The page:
Sunday, July 26, 2009

Einhorn, Fooling Some of the People All of the Time

David Einhorn is perhaps best known to the investing community for challenging the transparency of Lehman Brothers’ balance sheet in May 2008. In Fooling Some of the People All of the Time: A Long Short Story (Wiley, 2008) he recounts his losing battle to unmask Allied Capital, a company he accused of fraud. The book is a scathing indictment of the regulatory system in this country. In the wake of the Madoff scandal and Harry Markopolos’ testimony that the SEC turned a deaf ear to his evidence Einhorn’s book speaks even more loudly.

But for today’s abbreviated--and admittedly intellectually lazy--post I want to highlight the way Einhorn’s hedge fund, Greenlight Capital, structures its portfolio because it offers an interesting twist on some accepted norms. Greenlight is a long short fund, but it does not practice pairs trading. The problem with pair trades, Einhorn argues, is that often “the second half of the pair trade is not a worthwhile investment other than as an industry and/or market hedge.” (p. 16) Greenlight looks for worthwhile longs and worthwhile shorts. In this way the fund achieves “a partial market hedge without having to spend capital on negative-expected-return propositions” (p. 16) such as an index hedge. “Selling short individual names offers two ways to win—either the market declines or the company-specific analysis proves correct. In practice, we have more long exposure than short exposure because our shorts tend to have greater market sensitivity and volatility than our longs. Also, the market tends to rise over time and we wish to participate.” (p. 17)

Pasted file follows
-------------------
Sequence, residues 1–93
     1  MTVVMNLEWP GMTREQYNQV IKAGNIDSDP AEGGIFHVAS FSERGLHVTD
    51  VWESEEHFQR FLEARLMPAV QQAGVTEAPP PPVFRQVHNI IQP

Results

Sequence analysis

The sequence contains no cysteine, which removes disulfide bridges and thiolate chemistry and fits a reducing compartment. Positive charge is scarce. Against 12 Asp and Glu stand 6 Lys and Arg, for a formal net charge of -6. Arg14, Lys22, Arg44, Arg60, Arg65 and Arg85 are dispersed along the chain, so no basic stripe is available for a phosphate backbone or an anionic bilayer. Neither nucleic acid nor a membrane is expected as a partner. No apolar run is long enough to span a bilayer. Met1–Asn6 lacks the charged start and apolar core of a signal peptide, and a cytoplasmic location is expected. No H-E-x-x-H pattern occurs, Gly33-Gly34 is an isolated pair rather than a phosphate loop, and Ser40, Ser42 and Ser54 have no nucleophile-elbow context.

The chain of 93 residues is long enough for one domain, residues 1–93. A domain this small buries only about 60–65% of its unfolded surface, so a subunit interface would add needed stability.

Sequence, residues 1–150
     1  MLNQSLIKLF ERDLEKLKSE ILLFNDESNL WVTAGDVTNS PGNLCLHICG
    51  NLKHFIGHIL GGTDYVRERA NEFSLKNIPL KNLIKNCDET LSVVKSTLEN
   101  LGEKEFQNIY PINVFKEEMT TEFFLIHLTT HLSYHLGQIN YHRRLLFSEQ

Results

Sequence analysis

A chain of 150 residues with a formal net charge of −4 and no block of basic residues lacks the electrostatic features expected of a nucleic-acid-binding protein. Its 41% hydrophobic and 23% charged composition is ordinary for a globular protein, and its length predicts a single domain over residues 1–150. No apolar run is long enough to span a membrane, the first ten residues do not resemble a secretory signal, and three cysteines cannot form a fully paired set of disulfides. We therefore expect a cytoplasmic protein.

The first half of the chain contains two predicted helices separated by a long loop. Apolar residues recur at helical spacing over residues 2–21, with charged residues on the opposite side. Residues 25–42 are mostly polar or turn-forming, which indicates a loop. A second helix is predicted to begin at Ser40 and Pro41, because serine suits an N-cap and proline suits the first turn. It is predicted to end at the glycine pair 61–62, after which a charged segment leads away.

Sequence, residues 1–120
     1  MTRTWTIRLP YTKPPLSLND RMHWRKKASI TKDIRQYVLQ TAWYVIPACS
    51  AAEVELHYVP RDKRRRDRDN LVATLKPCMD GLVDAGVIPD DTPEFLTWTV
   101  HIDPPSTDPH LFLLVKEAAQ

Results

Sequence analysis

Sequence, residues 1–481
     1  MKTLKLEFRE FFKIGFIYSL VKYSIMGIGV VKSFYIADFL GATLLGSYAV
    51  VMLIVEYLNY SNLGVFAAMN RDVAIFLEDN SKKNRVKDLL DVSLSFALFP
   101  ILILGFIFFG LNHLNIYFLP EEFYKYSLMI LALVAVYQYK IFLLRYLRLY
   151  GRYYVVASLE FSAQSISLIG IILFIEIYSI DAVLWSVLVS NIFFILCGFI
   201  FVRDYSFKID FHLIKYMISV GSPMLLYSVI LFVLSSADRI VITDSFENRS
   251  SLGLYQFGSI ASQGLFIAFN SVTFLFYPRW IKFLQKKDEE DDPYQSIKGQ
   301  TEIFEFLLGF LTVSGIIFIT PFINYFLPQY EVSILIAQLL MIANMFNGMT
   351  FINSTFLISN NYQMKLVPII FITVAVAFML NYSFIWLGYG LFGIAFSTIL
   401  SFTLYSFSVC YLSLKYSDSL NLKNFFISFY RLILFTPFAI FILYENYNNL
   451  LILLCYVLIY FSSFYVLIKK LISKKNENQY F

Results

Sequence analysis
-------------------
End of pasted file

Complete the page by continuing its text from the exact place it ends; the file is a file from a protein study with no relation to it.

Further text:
Greenlight Capital is a concentrated portfolio. Einhorn cites Joel Greenblatt’s observation that “holding eight stocks eliminates 81 percent of the risk in owning just one stock, and holding thirty-two stocks eliminates 96 percent of the risk.” (p. 18) Once an investor has a diversified portfolio of eight stocks or so, the law of diminishing returns starts to kick in when he adds additional stocks in an effort to decrease risk.

Just some food for thought.

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